|Sophie Jones, owner of a Seattle sweet shop called Chocolat de Soph, has created a hit item: Misfortune Cookies, which are curled wafers dipped in bitter chocolate and filled with hand-written "misfortunes" penned by Sophie herself, based on her own worldview that life is a bowl of cherry pits. Who wouldn't love getting a fortune like "You'll never be really happy. How sad." This premise, while initially funny, wore thin after ten pages or so. Sophie, you see, is serious.
Sweet Misfortune is sort of like reading a romance starring Eeyore the Donkey - it's going to rain today, and it will probably rain tomorrow. Sophie has been a bitter cynic since age nine, when her parents and grandmother died in a car crash. Sophie still blames herself for the accident, even though years of therapy and a loving foster mother have attempted to show her it wasn't her fault. Sophie is sure they are wrong. When she's offered the chance to go on a blind date with podiatrist Garrett Black, Sophie waffles, but does show up. Over the course of six months, they fall in love and plan to marry.
Then Garrett breaks their engagement and disappears, with no explanation. Convinced she was right, and no relationship will ever end happily, Sophie retreats into her shop and pens her bitter fortunes. Then Garrett returns, begging for one date so he can explain everything. Sophie initially turns him down flat, then engineers a bet he can't possibly win. Garrett must place a classified ad asking people to tell him what True Happiness is. If he gets a hundred acceptable responses, Sophie will go on one date with him. Except she gets to determine what "acceptable" is, thereby ensuring the date will never happen. Garrett actually accepts this wager, when readers might wonder why he'd want her back in the first place.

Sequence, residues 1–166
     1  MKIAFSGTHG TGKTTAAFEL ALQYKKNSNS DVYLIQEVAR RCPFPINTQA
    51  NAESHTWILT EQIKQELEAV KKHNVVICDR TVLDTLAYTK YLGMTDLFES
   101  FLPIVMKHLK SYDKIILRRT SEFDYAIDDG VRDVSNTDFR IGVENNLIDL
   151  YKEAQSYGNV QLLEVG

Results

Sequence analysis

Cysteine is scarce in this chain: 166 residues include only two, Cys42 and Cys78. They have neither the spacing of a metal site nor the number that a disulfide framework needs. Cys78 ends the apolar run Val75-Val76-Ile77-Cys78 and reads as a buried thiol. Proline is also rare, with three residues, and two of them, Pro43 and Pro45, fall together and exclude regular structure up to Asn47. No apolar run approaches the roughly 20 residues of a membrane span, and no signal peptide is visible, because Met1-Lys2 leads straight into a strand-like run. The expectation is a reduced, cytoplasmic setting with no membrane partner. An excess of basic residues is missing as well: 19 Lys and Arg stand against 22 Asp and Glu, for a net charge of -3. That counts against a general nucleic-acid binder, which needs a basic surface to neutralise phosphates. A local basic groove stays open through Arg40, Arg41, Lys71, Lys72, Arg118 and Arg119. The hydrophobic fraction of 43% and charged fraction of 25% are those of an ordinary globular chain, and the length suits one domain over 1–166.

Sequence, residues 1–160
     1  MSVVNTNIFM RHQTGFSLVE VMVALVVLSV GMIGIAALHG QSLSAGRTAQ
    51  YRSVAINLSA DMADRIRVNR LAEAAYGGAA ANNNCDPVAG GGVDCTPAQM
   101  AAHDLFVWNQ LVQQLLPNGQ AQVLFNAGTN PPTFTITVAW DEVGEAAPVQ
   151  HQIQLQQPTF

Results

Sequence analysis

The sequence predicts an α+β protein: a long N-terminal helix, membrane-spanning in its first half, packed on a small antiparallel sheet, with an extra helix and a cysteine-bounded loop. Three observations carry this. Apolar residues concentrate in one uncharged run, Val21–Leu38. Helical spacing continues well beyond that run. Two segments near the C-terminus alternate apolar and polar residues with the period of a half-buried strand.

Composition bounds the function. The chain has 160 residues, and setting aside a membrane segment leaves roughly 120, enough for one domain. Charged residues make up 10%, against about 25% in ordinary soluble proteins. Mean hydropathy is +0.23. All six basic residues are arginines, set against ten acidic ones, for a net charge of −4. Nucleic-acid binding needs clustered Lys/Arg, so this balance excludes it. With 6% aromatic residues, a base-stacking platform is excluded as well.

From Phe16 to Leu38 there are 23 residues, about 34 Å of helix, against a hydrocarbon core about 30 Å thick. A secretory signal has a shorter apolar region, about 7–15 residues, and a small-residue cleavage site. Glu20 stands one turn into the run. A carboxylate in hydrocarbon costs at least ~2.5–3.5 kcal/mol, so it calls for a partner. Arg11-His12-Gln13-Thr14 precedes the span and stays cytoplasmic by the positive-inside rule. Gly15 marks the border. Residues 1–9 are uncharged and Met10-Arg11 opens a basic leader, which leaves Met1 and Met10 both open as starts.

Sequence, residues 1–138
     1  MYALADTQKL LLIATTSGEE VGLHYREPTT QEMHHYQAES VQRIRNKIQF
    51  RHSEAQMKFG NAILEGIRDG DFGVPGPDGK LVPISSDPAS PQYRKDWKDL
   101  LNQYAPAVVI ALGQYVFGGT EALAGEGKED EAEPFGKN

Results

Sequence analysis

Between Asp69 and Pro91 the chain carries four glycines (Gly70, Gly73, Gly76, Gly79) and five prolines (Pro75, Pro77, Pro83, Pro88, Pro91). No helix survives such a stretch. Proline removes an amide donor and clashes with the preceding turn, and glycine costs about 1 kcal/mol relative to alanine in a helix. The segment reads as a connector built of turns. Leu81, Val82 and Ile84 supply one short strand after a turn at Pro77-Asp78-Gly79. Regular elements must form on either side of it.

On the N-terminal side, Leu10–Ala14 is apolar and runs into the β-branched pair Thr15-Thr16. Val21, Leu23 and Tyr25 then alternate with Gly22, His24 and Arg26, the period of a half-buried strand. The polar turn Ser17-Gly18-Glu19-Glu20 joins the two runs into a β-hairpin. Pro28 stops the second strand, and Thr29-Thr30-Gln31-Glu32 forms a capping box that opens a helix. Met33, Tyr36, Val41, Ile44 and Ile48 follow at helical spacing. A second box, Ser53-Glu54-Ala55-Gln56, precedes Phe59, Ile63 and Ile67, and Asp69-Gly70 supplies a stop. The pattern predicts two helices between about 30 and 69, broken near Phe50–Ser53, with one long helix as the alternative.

Meet Sophie. Whiny, bitter, determined to wallow in her self-imposed misery, and borderline spiteful. And it takes a loonnnngggg time for her to show any growth and improvement.
Sophie surrounds herself with positive people who have overcome their own adversity. Her foster mother, Ellen, is a police officer who lost her own husband and turned her love to her two foster daughters. Evalynn, her foster sister, is newly married and now expecting a child.And Garrett is a cheerful sort. Sophie clings to her cynicism and wishes things could be different, like a child with her nose pressed longingly against the chocolate-shop window. One longs to tell her, "Just open the door and walk in, stupid!" It's hard to feel much sympathy for characters who are willing martyrs, and sad-sack Sophie didn't engender any.
Given Sophie's distinct personality, it's hard to see why Garrett fell in love with her in the first place. She's pretty, etc. but I really can't imagine a sane man wanting to spend the rest of his life with such a negative person. Garrett isn't drawn in much detail; he's pleasant and we're told he's head-over-heels in love with Sophie, but that's about it. The climax exposes what really happened on the night Sophie's parents died. By that time, it seems that half of Seattle was involved in the accident, and Garrett's reasons for abandoning Sophie rather than sitting down and having a heart-to-heart talk with her are pretty thin. This was the woman he planned to marry, right? And the whole classified-ad thing just disappears out of the story. We never find out if Garrett receives his hundred responses, after an initial scene where Sophie dismisses every one of the replies. If she's not happy, nobody else can be, either.
Sophie does begin to change her thinking by the end of the book, but it was too little and too late for me. Not enough of a payoff for 250 pages of negativity. Other than some interesting secondary characters, Sweet Misfortune is more annoyance than pleasure. Like Sophie's famous cookies, it left me with a bitter taste.